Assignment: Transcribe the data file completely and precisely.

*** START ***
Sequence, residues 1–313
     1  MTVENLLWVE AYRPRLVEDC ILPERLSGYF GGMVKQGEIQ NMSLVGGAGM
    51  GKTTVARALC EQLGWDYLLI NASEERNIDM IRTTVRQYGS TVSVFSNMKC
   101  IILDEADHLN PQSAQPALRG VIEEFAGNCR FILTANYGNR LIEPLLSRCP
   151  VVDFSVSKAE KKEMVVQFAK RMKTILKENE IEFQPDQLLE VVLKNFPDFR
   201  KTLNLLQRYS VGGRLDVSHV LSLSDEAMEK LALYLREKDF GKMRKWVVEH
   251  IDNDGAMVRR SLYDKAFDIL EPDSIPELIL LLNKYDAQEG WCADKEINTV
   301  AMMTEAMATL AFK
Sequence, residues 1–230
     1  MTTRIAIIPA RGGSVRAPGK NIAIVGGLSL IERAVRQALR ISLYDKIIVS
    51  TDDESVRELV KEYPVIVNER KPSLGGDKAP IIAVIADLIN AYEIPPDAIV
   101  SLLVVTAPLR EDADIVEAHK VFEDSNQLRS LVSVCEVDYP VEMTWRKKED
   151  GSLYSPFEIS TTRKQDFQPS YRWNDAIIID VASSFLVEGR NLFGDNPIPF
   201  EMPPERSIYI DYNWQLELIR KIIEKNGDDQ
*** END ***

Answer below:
Sequence, residues 1–313
     1  MTVENLLWVE AYRPRLVEDC ILPERLSGYF GGMVKQGEIQ NMSLVGGAGM
    51  GKTTVARALC EQLGWDYLLI NASEERNIDM IRTTVRQYGS TVSVFSNMKC
   101  IILDEADHLN PQSAQPALRG VIEEFAGNCR FILTANYGNR LIEPLLSRCP
   151  VVDFSVSKAE KKEMVVQFAK RMKTILKENE IEFQPDQLLE VVLKNFPDFR
   201  KTLNLLQRYS VGGRLDVSHV LSLSDEAMEK LALYLREKDF GKMRKWVVEH
   251  IDNDGAMVRR SLYDKAFDIL EPDSIPELIL LLNKYDAQEG WCADKEINTV
   301  AMMTEAMATL AFK
Sequence, residues 1–230
     1  MTTRIAIIPA RGGSVRAPGK NIAIVGGLSL IERAVRQALR ISLYDKIIVS
    51  TDDESVRELV KEYPVIVNER KPSLGGDKAP IIAVIADLIN AYEIPPDAIV
   101  SLLVVTAPLR EDADIVEAHK VFEDSNQLRS LVSVCEVDYP VEMTWRKKED
   151  GSLYSPFEIS TTRKQDFQPS YRWNDAIIID VASSFLVEGR NLFGDNPIPF
   201  EMPPERSIYI DYNWQLELIR KIIEKNGDDQ